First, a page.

In the fall of 2014, a home health aide discovered the body of her 62-year-old, Jewish patient, who lived alone in her suburban home. Bensalem police were summoned and declared the death to be of natural causes. The aide could not provide contact information for family or friends and advised that her patient had become a recluse, remaining inside her residence for the last years of her life. The body was held at the Bucks County Coroner’s office.

About a month later, the deceased’s 95-year-old father, residing in a nursing home in Philadelphia, called the police because he had not heard from his daughter. He learned that she had passed away and was advised to contact the coroner’s office to make funeral arrangements.

In February of 2015, a subordinate reminded Detective Jack Gohl of the Bensalem Township Police Department about the case. He attempted to contact the father and found that he, too, had passed away.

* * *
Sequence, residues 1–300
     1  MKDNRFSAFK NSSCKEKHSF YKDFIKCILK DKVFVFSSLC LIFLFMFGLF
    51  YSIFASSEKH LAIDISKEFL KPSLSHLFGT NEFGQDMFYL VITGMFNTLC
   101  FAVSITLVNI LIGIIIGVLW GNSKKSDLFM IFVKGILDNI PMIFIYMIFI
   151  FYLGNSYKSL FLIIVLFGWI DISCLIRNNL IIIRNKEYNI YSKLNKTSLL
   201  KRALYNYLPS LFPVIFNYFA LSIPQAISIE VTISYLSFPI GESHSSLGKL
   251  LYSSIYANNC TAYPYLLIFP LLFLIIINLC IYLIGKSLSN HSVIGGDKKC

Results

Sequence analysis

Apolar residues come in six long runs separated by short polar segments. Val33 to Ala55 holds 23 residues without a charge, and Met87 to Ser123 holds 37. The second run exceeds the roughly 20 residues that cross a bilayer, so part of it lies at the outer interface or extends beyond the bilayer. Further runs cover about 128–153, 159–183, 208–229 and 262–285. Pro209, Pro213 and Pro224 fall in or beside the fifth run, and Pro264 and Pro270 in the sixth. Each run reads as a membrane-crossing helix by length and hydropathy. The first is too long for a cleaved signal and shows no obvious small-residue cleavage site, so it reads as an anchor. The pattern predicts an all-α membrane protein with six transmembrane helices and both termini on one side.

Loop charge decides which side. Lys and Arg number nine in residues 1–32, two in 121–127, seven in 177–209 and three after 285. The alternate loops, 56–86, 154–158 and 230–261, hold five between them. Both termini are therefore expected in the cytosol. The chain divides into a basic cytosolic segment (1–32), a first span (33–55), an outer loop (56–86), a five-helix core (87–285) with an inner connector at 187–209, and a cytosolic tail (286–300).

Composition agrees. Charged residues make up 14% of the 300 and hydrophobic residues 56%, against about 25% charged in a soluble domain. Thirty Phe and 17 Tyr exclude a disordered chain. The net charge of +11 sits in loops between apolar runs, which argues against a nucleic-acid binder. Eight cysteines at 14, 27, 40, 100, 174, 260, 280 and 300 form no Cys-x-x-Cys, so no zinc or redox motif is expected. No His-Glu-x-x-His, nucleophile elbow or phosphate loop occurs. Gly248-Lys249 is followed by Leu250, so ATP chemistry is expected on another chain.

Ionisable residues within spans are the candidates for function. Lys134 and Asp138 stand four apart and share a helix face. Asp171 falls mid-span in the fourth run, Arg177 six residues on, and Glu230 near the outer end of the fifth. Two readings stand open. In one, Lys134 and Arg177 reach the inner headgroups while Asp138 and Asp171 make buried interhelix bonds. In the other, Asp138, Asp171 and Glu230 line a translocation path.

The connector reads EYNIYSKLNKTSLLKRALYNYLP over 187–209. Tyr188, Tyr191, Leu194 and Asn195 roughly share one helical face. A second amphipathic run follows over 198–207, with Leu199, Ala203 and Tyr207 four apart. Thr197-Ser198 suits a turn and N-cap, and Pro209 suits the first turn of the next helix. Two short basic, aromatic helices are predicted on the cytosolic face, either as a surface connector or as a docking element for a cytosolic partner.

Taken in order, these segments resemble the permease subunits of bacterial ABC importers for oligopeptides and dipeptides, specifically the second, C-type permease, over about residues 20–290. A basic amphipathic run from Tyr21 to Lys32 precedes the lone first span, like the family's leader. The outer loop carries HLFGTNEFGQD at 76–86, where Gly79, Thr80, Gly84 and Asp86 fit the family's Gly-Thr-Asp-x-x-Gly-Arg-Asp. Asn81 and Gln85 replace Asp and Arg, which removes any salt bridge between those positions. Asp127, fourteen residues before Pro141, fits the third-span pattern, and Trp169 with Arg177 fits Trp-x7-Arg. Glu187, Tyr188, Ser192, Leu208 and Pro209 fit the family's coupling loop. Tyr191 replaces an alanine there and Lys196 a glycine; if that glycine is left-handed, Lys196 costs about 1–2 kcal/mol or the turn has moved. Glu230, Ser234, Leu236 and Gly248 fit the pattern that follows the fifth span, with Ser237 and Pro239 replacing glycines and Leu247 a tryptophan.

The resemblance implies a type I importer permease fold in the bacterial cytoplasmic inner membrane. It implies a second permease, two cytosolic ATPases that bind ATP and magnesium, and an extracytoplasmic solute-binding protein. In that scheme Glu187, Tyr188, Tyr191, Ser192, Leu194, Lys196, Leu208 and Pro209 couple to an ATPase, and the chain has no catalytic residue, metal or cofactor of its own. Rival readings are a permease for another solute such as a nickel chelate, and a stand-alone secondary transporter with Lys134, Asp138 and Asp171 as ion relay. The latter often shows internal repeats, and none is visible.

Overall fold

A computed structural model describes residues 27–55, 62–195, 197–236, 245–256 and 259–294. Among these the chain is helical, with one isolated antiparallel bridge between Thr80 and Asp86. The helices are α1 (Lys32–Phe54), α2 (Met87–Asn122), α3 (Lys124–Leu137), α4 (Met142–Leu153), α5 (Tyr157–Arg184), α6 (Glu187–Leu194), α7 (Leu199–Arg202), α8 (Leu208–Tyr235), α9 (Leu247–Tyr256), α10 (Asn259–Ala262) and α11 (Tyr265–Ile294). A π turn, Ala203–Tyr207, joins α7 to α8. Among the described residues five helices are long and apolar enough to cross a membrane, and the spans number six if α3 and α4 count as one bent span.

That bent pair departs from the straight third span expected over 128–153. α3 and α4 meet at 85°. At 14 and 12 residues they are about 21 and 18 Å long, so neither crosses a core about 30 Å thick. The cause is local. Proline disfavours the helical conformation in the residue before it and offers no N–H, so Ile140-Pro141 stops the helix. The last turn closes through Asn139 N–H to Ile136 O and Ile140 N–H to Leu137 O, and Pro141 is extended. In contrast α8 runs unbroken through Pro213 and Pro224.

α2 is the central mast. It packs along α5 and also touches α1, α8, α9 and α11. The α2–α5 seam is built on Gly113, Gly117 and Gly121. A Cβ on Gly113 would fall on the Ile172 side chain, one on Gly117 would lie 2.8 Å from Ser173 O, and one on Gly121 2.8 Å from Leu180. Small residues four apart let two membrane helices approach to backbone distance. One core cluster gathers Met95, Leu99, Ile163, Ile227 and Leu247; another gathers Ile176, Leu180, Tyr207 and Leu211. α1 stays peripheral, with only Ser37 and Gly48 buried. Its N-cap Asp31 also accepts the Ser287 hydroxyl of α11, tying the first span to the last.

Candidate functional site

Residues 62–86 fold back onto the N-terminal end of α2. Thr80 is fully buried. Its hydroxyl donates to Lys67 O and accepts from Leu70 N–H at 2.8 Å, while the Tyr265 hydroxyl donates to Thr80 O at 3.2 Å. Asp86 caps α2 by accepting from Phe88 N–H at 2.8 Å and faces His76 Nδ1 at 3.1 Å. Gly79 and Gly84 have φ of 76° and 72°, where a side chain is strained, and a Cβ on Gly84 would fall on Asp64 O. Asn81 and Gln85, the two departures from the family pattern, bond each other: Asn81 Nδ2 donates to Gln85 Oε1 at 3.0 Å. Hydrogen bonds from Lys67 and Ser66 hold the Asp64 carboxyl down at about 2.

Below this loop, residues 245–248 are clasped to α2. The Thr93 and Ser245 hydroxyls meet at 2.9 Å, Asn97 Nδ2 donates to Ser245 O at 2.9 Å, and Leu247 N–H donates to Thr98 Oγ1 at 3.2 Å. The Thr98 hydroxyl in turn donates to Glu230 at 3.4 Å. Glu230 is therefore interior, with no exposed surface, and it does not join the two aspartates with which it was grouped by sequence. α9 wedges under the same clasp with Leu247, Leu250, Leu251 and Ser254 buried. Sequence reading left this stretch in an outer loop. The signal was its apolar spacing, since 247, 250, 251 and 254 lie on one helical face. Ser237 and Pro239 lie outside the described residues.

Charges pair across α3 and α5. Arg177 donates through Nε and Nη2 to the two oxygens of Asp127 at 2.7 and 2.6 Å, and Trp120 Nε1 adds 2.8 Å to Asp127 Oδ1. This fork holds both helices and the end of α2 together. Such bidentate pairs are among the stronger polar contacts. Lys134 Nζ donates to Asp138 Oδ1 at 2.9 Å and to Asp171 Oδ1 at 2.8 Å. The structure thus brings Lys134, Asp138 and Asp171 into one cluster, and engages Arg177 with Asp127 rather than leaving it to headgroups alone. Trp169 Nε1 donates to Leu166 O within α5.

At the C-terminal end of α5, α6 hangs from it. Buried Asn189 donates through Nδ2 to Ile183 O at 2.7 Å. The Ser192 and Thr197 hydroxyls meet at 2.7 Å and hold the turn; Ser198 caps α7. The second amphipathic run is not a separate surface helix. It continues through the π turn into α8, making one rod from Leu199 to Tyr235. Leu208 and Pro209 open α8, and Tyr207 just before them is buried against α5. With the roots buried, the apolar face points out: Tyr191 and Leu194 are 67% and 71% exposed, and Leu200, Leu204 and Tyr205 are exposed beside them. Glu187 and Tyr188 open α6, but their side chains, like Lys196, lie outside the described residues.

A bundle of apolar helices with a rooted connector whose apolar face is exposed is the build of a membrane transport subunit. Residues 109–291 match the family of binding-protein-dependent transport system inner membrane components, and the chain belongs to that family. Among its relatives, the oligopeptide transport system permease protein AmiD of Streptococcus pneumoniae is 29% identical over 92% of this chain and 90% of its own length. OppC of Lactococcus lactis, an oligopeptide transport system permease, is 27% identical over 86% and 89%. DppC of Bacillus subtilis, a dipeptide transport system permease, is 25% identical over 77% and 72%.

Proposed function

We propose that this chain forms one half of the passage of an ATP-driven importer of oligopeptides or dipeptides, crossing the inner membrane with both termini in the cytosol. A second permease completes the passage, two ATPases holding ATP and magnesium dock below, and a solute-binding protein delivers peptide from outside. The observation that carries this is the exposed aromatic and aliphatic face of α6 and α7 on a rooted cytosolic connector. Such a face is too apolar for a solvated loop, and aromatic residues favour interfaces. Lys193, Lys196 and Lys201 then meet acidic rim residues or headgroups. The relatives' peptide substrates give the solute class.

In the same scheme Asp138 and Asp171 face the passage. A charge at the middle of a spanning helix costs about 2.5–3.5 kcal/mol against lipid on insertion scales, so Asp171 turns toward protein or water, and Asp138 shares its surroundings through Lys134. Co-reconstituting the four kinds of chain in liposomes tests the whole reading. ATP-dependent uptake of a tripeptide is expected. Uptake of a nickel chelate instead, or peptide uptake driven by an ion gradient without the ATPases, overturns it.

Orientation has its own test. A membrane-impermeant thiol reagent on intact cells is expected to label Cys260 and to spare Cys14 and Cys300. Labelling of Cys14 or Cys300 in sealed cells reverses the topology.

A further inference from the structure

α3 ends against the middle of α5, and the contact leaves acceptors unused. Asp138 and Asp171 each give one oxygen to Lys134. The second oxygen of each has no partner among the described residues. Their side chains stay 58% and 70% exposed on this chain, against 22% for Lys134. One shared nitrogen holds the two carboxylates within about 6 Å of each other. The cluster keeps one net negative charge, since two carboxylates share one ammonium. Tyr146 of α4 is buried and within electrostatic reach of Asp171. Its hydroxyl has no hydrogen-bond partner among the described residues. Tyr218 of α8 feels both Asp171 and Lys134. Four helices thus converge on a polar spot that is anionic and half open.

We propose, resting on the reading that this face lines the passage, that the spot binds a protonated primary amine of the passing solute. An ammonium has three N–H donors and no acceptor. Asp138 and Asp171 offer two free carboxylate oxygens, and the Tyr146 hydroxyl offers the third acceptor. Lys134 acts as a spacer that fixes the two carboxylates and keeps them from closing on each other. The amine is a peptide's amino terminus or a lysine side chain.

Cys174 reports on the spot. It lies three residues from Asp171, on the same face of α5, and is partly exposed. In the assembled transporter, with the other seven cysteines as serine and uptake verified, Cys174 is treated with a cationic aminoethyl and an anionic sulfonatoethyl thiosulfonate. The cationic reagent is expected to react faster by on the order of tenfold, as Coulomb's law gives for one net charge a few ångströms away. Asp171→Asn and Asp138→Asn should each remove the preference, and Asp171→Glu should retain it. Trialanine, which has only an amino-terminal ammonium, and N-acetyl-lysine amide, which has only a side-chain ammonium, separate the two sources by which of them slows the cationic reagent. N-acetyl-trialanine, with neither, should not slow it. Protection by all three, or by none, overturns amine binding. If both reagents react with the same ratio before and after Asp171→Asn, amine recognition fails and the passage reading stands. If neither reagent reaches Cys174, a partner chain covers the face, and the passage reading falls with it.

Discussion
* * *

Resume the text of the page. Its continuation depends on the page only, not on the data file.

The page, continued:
The administrator at the assisted living facility informed Detective Gohl that her resident’s last wish was to be buried with his wife and daughter. Detective Gohl began collecting information that led him to Harry Schwartz, a director at Goldstein’s Funeral Home, and discovered that when the wife died in 1991, her husband had purchased three plots at King David Cemetery in Bensalem. The funeral home agreed to facilitate transportation and burial of the remains of both father and daughter. To pay for the internment, the cemetery recommended that Detective Gohl contact Jewish Family and Children’s Service. They, in turn, called upon the Female Hebrew Benevolent Society. Eight hundred dollars in Jewish communal resources, a small discount from the cemetery and $500 from the Bensalem Police Benevolent Association insured that father and daughter would have a proper burial. Detective Gohl also obtained the services of a rabbi, who graciously agreed to perform a graveside service pro bono.

This poignantly tragic story evinces the compassion of many people of different faiths who came together to do the right thing. No publicity. Just quiet humanity.

Post script: After the burials, FHBS began to work on the cost of markers for the graves – an inscription on the double monument for the father and a footstone for the daughter.  Jack Livesey, Sr., owner of the cemetery, came forward to offer to cover the expense of both, adding one more act of generosity and kindness to those of Detective Gohl and Harry Schwartz. We are grateful to have had all of them as partners in our efforts on behalf of this family.